Catalytic Hydrogen-Chlorine Exchange between Chlorinated Hydrocarbons under Oxygen-Free Conditions.
Alwies W. A. M. van der Heijden1, Simon G. Podkolzin 2, Mark E. Jones 2, Johannes H. Bitter1, Bert M. Weckhuysen1
Publisher: Wiley-VCH Verlag GmbH & Co. KGaA, Weinheim; CODEN: ACIEF5, ISSN: 1433-7851
This work presents a new type of catalytic systems for the metathesis between CCl4 and CH2Cl2 to form CHCl3:
CH2Cl2 + CCl4 → 2 CHCl3
Chlorinated lanthanum materials, specifically LaCl3 supported on carbon nanofibres, were found to be highly active, selective and stable catalysts for this reaction. This is the first report that a catalyst based on an irreducible metal, such as lanthanum, can selectively activate both C-H and C-Cl bonds in the absence of either lattice or gas-phase oxygen. Yield loss to carbon oxides is prevented since oxygen is not present. In addition, the absence of unwanted C2+ hydrocarbon products indicates that the selective catalytic chemistry dominates over any gas-phase radical reactions. DFT calculations suggest that the reaction proceeds through the formation of weakly adsorbed Cl and H species, which can be exchanged with the reactants.
 Inorganic Chemistry and Catalysis Group, Department of Chemistry, Utrecht University, Sorbonnelaan 16, 3584 CA Utrecht, The Netherlands
 The Dow Chemical Company, Core Research and Development, Midland, Michigan 48674, USA
Although splitting off and donation of an H atom to the surface is calculated to be endothermic, the process can be partially compensated by exothermic chlorination of the resulting hydrocarbon fragment. It is, therefore, reasonable to assume that the reaction proceeds in two separate H-Cl exchange steps. First, CH2Cl2 exchanges an H for a surface Cl (Reaction 2) and, second, CCl4 exchanges a Cl for a surface H (Reaction 3):
Calculated energies for Reaction 2 where H is exchanged for a surface lattice Cl are high at 310-324 kJ/mol, regardless of the presence or position of any neighboring defects (Cl vacancy or F-center Cl vacancy). This result suggests that gas-phase chlorinated hydrocarbons, such as CH2Cl2, are unlikely to exchange their H for a Cl anion from the LaCl3 lattice. However, the calculations also suggest that the surface of LaCl3 can have not only terminal lattice Cl, but also weakly held adsorbed Cl species (Figure 1a). These species are calculated to have a significantly smaller Hirshfeld atomic partial charge of -0.09 compared to -0.22 for surface lattice Cl anions, and they can be viewed as a build-up of an additional Cl layer for the bulk structure, so that the coordination of surface La atoms increases from 8 to 9, the same as for the bulk La atoms.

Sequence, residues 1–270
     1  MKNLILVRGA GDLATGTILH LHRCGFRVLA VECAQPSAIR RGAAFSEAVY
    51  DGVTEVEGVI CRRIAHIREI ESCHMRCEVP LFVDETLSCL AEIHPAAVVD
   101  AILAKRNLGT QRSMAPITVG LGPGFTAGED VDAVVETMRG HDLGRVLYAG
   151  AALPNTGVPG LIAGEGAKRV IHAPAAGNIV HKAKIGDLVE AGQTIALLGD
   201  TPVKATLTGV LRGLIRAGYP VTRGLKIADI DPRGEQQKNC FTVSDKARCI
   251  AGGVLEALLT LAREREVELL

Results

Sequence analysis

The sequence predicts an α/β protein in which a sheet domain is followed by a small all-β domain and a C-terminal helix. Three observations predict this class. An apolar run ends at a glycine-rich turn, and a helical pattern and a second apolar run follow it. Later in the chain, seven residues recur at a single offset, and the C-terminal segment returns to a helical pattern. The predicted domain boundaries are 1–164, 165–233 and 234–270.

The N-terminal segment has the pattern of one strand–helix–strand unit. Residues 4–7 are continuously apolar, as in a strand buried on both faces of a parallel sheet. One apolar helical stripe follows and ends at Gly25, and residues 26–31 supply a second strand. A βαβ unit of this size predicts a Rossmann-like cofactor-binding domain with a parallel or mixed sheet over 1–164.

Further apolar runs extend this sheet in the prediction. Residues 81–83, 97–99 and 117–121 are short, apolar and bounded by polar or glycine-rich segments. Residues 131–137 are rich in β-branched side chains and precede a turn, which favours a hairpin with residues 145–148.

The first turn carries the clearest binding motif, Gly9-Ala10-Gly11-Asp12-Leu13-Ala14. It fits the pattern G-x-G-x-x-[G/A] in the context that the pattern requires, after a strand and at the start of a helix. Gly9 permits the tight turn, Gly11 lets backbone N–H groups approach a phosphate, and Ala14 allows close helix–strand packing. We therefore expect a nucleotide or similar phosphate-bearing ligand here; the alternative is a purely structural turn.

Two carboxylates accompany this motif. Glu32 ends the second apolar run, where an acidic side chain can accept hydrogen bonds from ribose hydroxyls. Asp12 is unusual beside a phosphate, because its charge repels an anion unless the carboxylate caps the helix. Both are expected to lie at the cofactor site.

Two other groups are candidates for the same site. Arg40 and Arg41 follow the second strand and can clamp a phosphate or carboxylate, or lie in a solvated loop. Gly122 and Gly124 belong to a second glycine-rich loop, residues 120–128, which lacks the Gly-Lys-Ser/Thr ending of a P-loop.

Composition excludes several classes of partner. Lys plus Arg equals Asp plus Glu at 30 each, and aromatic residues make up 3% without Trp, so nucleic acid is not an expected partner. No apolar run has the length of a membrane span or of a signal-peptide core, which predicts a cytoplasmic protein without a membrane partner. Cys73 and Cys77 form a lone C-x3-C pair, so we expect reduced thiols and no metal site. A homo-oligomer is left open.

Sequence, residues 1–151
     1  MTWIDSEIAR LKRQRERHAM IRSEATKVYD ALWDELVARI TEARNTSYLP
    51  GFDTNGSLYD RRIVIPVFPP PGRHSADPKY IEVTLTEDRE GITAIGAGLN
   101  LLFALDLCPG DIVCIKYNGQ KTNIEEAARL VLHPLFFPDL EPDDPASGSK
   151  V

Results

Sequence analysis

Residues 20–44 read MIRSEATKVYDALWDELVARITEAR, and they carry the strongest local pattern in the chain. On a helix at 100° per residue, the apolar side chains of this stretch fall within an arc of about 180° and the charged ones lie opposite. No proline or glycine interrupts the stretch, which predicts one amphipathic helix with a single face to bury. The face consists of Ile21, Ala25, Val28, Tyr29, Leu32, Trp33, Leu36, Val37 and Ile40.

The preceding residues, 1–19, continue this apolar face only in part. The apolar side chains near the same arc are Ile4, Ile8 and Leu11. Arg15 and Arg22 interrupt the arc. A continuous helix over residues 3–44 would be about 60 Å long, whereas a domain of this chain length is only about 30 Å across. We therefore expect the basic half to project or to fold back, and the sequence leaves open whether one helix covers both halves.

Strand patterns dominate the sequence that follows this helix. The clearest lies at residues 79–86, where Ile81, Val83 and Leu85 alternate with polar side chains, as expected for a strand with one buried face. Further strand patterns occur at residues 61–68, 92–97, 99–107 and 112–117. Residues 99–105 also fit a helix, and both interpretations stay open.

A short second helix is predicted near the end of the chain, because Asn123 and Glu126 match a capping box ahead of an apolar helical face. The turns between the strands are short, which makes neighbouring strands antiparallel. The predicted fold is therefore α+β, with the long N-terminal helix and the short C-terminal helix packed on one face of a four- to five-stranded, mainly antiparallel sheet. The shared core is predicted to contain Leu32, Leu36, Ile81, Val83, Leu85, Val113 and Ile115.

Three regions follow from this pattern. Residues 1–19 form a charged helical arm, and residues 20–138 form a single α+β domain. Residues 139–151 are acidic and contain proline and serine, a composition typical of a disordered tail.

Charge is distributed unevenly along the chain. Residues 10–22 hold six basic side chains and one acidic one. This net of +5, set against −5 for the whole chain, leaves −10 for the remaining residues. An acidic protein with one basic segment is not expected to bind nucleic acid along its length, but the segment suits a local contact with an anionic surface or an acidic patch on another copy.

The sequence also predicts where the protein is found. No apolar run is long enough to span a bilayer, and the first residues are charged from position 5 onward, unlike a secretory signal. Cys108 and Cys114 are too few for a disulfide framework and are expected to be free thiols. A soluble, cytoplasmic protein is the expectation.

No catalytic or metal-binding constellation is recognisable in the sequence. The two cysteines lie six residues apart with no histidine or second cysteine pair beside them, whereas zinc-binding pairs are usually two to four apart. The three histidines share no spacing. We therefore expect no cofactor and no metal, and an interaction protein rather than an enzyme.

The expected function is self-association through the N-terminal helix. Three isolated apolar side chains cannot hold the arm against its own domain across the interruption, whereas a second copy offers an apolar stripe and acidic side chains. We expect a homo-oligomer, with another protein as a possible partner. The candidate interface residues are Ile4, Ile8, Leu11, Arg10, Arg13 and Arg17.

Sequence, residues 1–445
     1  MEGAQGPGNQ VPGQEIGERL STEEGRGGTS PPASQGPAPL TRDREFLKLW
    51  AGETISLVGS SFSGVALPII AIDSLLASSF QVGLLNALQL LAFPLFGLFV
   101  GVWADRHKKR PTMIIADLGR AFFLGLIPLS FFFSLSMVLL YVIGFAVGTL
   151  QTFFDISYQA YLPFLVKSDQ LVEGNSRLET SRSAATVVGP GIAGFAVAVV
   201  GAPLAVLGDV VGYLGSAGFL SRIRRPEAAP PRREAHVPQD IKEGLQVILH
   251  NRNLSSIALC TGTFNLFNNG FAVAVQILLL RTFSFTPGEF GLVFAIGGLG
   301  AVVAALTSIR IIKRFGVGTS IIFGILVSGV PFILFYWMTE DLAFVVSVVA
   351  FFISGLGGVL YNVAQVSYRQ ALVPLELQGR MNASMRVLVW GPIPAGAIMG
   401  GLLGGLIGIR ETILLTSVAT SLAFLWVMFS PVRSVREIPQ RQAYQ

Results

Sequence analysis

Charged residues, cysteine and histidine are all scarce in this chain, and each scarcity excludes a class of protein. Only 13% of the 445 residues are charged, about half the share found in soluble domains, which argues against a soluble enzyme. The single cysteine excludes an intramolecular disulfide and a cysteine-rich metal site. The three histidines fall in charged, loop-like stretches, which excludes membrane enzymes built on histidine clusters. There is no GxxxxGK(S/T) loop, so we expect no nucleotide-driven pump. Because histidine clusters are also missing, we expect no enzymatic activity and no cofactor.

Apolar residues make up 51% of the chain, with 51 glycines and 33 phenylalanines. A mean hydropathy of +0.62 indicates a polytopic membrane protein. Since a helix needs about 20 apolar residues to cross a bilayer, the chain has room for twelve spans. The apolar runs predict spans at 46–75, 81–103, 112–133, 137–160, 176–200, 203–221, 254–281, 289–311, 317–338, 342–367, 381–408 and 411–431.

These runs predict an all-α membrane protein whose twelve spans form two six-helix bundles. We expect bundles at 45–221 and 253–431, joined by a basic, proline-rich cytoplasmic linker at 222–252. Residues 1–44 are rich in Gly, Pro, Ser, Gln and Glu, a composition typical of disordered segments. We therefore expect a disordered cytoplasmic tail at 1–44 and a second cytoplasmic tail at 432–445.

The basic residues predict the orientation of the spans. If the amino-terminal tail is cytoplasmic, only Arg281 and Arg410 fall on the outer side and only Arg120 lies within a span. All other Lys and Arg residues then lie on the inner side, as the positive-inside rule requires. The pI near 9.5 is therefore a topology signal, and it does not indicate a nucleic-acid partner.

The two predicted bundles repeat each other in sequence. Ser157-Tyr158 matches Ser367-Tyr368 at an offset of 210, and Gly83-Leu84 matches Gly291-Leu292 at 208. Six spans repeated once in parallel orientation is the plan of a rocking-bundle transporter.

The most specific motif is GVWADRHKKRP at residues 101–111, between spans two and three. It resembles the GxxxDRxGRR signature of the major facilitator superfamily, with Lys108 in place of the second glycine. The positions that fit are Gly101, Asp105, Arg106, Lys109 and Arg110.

When gas-phase CH2Cl2 exchanges one of its H atoms for an adsorbed surface Cl atom, the products are gas-phase CHCl3 and a surface hydride (Figure 1b). Similarly to the adsorbed surface Cl, surface H is weakly bound, and it has only a small atomic charge of -0.05. The calculated energy change for Reaction 2 is 210 kJ/mol at the adsorbed Cl coverage of 0.25 monolayer (ML). Gas-phase CCl4 (Figure 2a) can react with the surface hydride, regenerating the adsorbed Cl species and forming gas-phase CHCl3, as shown in Figure 2b. This Reaction 3 is predicted to be exothermic at -225 kJ/mol.
When the calculations for Reactions 2 and 3 were repeated at a higher
adsorbed Cl coverage of 0.5 ML, their energetic favorability reversed. Instead
of being endothermic, Reaction 2 became energetically favorable at -170
kJ/mol; and Reaction 3 became endothermic at 155 kJ/mol. This dependence of
the reaction energetics on adsorbed chlorine coverage implies that as the
concentration of adsorbed Cl builds up during the reaction, a substitution of
these Cl species by H becomes more favorable, and, conversely, the reverse
exchange becomes less favorable. The surface, therefore, is likely to maintain
some equilibrium concentration of adsorbed Cl and H species: when the
concentration of surface Cl exceeds the equilibrium value, the reaction of Cl
to H exchange as in Figure 1a-b will be favored, and, conversely, when the
concentration of surface H is relatively high, the reverse H for Cl exchange
as in Figure 2a-b will be preferentially taking place.